Cara is valuable because, in most places, she's dead. In the world of Earth Zero, as the employees of the Eldridge Institute call it, a scientific genius named Adam Bosch developed the ability to travel between parallel worlds. This ability is not limitless, however. One restriction is that the parallel world has to be very close; large divergences of history render them unreachable. The other restriction is that anyone who attempts to travel to a world in which the local version of themselves is still alive is rejected: physically mangled in ways that result in a very short remaining lifespan. Earth Zero has not found a way to send information between worlds without sending people there physically to collect it. Those people are traversers, and their value lies in how many of their parallel selves have died. Each death in one of the 380 worlds Earth Zero can reach means another world that person can traverse to. They are the transportation system for a network of information-gathering nodes, whose collected contents are mined for stock tips, political cautions, and other information of value. Cara is dead on 372 worlds, and thus provides valuable savings on employee salaries. These related worlds are not so much post-apocalyptic as a continuation of current wealth disparity trends, although it's also clear that the climate has gotten worse. The Eldridge Institute, which controls traversing, is based in Wiley City, a walled, climate-controlled arcology of skyscrapers with a dome that filters out the dangerous sun. Its citizens are rich, with the best social support that money can buy. They are not interested in immigrants, unless they are extremely valuable. Cara is not from Wiley City. She is from Ashtown, the encampment in the desert outside of Wiley City's walls. That's part of the explanation for her death rate; in Ashtown, there are only a few ways to survive, particularly if one is not from the stiflingly religious Rurals, and most of them are dependent on being in the good graces of the local warlord and his Mad-Max-style enforcers. Being a traverser gets Cara out of Ashtown and into Wiley City, but not as a citizen, although that's dangled vaguely as a possible future prize. She's simply an employee, on a work permit, who enjoys the comforts of Wiley City for exactly as long as she's useful. Meanwhile, she juggles the demands of her job, her attraction to her watcher Dell, and her family in Ashtown. She is profoundly, aggressively cynical. Cara is also not precisely who people think she is. The Space Between Worlds pulls off a beautifully elegant combination of two science fiction subgenres: parallel universes and time travel. Both have been part of science fiction for decades, but normally parallel universes are substantially different from each other. Major historical events go differently, Nazis win World War II, Spock has a goatee, etc. Minor deviations are more often the subject of time travel stories, as travelers attempt to tweak the past and influence the future. Johnson instead provides the minor variations and small divergences of time travel stories in a parallel world framework, with no actual time travel involved or possible. The resulting story shows the same ripple effect of small differences, but the future remains unwritten and unconstrained, which avoids the stiflingly closed feeling of most time travel plots. Against that backdrop is set a story of corporate and personal intrigue, but one with a far deeper understanding of class and place than almost all of science fiction. Cara is not from Ashtown in the normal sense of science fiction novels written by comfortably middle-class white authors about protagonists from the wrong side of the tracks, who show their merit and then never look back. Cara is from Ashtown in a way that means she misses the taste of its dirt and understands its people and feels seen there. Wiley City knows very well that she's from Ashtown, and doesn't let her forget it. This type of ambiguous relationship with place and wealth, and deep connection to where one comes from, is so rare in science fiction, and it's beautifully written here. Cara wants to be in Wiley City over the alternative; the potential loss of her job is a real threat. But at the same time she is not at home there, because she is not visible there. Everything is slightly off, she has no one she can really talk to, and her reactions don't quite fit. No one understands her the way that her family in Ashtown does. And yet, by living in Wiley City, she is becoming less at home in Ashtown as well. She is becoming an outsider. It takes about 70 pages for the story in The Space Between Worlds to really get started. Those first 70 pages is very important background information that the rest of the story builds on, but they weren't that engrossing. Once the story kicks into gear, though, it's a tense, complicated story that I had a hard time predicting and an even harder time putting down. It's not perfect (more on that in a moment), but Johnson weaves together Cara's sense of place, her family connections, her sense of self, and her internal moral compass to create a memorable protagonist in a page-turning plot with a satisfying payoff. She uses our ability to look in on several versions of each character to give them additional satisfying heft and depth. Esther, Cara's highly religious sister, is the most delightful character in this book, and that's saying a lot coming from someone who usually doesn't like highly religious characters. I do have some world-building quibbles, and came up with more when I mulled over the book after finishing it, so you may need to strengthen your suspension of disbelief. The passive information gathering via traversing made a lot of sense; the bulk import of raw materials via the industrial hatch makes less sense given the constraints of the world. (Who is loading those materials into the other side? Or are they somehow traversing them directly out of the ground? Wouldn't someone notice?) The plot also partly hinges on a bit of lost technology that is extremely difficult to square with the rest of the setting, and felt like a transparent justification for introducing Mad Max elements into the setting. The quibble I noticed the most may be unavoidable given the setting: alternate worlds with slightly different versions of the same characters creates a potential explosion in cast size, which Johnson deals with by focusing on the cross-world variations of a small number of characters. I like all of those characters, but it does give the story a bit of an incestuous feel. The politics of every world revolve around the same ten people, and no one else seems to matter (or usually even has a name). That said, a small cast is a better problem to have than a confusing cast. Johnson does a great job helping the reader keep all the characters and relationships straight across their alternate world variations. I didn't realize until after I finished the book how difficult that probably was, which is the sign of a job well done. I do also have to complain about how completely dense Cara is when it comes to Dell, but I won't say any more than that to avoid spoilers. There are some things I figured out way before Cara did, though, and that made her behavior rather frustrating. This is an extremely impressive first novel that does some lovely things with genre and even more impressive things with social class and mobility. It's a little rough in places, you have to bear with the first 70 pages, and the ending, while a fitting conclusion to the emotional arc, seemed wildly unbelievable to me given the events of the plot. But it's very much worth reading despite those flaws. Johnson respects her characters and their culture and their world, and it shows. This was one of the best science fiction novels I read in 2021. (Content warning for physical and emotional partner abuse.) Rating: 8 out of 10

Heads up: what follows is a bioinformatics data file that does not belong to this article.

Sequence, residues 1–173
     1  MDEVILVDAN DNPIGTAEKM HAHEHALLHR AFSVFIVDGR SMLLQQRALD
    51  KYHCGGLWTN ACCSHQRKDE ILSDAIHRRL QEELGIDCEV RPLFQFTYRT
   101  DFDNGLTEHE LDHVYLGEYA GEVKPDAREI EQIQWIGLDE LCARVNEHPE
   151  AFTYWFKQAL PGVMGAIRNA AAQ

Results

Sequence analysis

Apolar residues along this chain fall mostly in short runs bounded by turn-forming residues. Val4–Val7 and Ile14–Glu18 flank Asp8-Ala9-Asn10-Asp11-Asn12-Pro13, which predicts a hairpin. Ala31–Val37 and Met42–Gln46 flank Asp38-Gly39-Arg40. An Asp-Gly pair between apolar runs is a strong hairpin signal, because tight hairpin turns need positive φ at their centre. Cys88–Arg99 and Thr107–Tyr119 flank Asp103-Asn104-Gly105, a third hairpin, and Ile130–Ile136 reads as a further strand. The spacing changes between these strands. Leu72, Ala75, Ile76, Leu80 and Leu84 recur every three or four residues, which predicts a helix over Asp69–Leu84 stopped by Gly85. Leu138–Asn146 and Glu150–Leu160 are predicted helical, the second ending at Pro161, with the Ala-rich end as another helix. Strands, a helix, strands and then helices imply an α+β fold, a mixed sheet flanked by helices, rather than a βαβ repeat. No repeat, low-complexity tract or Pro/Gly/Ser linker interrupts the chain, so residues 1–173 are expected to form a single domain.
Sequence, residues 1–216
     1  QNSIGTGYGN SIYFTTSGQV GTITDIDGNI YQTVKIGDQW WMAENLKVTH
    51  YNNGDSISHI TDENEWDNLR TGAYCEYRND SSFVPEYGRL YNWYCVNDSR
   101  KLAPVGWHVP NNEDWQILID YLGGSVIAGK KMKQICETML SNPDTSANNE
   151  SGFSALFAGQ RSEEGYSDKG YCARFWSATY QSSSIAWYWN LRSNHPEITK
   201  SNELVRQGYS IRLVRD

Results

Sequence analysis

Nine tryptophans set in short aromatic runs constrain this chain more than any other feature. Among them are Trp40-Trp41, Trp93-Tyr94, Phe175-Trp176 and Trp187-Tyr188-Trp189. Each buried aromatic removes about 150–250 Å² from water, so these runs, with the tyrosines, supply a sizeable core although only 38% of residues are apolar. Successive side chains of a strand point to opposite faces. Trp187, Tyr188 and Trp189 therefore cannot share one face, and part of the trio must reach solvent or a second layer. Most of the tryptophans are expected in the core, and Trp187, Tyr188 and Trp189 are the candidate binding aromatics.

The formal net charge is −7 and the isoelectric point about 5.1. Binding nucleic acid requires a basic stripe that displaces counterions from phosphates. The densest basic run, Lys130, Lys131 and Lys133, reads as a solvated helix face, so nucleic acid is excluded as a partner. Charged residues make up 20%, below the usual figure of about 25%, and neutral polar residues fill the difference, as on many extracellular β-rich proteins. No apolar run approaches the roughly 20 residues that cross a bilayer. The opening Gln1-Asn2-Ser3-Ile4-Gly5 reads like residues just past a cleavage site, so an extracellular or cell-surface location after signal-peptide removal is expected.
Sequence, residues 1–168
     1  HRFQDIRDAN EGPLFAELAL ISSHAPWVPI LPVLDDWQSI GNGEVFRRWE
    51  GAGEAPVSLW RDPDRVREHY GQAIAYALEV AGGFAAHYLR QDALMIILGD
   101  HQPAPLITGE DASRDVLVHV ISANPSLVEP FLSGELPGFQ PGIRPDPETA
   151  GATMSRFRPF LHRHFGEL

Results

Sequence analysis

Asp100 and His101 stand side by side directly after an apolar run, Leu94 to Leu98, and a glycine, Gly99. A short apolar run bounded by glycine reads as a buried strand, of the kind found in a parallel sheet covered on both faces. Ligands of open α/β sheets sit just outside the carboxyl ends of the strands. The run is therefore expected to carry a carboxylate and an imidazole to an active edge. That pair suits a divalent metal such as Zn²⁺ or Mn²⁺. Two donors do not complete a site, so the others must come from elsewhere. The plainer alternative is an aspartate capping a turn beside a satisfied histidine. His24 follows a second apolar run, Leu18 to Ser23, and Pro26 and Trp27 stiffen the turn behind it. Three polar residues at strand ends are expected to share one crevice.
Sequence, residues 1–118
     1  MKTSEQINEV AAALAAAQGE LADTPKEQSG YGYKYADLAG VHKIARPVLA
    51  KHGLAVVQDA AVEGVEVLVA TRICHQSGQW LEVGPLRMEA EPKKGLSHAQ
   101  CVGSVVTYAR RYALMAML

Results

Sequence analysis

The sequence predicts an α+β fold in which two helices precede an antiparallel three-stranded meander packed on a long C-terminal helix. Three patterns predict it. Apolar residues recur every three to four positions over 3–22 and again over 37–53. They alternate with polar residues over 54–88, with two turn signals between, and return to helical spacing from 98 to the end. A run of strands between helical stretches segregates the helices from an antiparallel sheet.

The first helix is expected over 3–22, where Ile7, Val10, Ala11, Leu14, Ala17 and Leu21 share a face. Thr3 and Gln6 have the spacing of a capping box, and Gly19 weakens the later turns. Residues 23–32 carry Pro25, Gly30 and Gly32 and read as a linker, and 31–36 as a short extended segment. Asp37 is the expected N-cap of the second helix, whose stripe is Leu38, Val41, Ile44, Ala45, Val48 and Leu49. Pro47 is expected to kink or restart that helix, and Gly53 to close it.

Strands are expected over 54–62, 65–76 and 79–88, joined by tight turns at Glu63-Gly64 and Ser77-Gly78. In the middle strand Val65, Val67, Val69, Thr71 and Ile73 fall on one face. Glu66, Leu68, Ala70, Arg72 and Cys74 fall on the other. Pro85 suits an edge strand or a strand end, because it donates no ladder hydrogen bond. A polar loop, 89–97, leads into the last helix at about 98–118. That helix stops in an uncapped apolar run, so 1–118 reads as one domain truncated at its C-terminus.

Matthew Garrett: Update on Linux hibernation support when lockdown is enabled